If you're trying to figure out whether to ask for a raise, Milligan says, "My words to live by: The answer to the unasked question is always 'no.'"
While asking for a raise can seem scary, it can be an important step for you to take in order to avoid wage stagnation. It's also important to be clear about what you're asking for and make sure it's realistic within your market.
Asking for a raise, or negotiating, is more of an art than an exact science. Go to the negotiations prepared to handle a variety of situations:
- What if they say "no"? Will you walk away or ask for a compromise?
- What if they say "yes"? You can say, "Thanks so much for this opportunity. I look forward to growing with the company."
- What if they want to compromise? Have your minimum and maximum salary range in mind and any other perks you're willing to go to bat for.
Keep in mind that it's unlikely that you'd be able to double your salary in the same position. To find out average salaries in your field and geographic area, consider checking out sites such as PayScale and Glassdoor.
When asking for a raise, you'll want to have a specific number in mind. Most importantly, you'll likely have to build a case for yourself proving why you deserve a raise.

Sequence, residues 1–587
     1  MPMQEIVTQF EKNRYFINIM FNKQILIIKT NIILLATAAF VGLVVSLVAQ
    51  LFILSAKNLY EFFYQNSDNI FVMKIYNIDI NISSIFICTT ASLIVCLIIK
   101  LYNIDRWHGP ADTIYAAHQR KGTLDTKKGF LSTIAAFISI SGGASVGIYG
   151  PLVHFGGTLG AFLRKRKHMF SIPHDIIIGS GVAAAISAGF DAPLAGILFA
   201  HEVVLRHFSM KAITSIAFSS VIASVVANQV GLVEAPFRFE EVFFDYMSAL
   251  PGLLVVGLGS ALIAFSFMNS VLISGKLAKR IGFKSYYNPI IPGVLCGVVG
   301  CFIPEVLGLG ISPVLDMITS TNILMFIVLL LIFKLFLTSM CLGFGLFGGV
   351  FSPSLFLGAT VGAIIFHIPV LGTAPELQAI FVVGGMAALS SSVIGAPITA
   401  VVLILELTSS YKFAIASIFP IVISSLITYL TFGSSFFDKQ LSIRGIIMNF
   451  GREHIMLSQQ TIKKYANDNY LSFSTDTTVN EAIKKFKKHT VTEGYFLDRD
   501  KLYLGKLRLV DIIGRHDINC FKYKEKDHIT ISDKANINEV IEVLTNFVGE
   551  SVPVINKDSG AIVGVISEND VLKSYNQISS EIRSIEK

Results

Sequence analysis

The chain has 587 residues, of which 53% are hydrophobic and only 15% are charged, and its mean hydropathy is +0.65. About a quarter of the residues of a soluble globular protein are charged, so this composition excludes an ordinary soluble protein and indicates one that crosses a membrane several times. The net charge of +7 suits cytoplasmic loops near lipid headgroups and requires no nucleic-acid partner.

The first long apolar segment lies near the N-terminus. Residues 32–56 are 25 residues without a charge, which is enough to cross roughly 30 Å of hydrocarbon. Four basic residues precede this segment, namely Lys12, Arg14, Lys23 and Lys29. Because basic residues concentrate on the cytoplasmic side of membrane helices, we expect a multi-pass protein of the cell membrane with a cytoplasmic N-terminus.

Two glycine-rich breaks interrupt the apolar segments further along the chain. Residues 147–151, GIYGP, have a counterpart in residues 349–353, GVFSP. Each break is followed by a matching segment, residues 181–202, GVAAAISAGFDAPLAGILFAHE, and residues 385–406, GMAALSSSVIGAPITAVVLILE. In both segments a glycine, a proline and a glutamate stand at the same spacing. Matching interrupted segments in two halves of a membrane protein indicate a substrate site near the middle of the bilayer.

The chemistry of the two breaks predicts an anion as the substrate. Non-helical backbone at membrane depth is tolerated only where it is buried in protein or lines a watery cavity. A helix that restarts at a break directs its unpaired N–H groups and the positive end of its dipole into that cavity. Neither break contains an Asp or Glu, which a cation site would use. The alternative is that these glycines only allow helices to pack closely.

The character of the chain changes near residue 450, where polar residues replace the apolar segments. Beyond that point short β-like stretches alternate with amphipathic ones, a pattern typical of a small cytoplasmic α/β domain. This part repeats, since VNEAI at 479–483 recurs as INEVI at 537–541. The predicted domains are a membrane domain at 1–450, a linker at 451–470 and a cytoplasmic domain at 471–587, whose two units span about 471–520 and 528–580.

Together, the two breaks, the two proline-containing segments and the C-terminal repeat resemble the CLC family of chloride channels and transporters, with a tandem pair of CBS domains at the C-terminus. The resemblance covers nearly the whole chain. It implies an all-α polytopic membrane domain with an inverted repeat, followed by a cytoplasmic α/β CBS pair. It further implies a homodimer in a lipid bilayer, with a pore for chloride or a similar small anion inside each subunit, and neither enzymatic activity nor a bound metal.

You may want to avoid framing your request by saying you have out-of-control credit card debt, need to buy a new car or you're helping a family member pay some medical bills.
"You need to have compelling reasons for why you deserve -- not need -- a raise," Milligan says.
Document how you've been an asset to the company and include specific times and situations when you've gone above and beyond your job duties.
Milligan adds that there may be other things you can negotiate as well, including paid vacation, personal days, company stock or stock options, flexible hours or telecommuting, continuing education and bonuses.
If you don't get exactly what you want in the form of a raise, you don't have to walk away empty-handed. You can ask for support in other ways as well, such as having a flexible schedule or additional personal days.
In general, internal raises tend to be smaller than what you can negotiate elsewhere. Asking for a raise and staying in your current job could mean missing out financially, but it could be lucrative in other ways, depending on the company and your current position.
If you're wondering whether you should change jobs or ask for a raise to maximize your salary, it will depend strongly on your personal situation; maybe you haven't been in your current position for long enough to have the leverage to negotiate. Perhaps moving jobs in your industry isn't likely to be lucrative.
Money isn't the only thing you should consider, and there are pros and cons with both options.
If you're happy with your current position and have room to grow at the organization, asking for a raise could be a logical next step. Weigh the pros and cons of each option and be realistic about the outcome.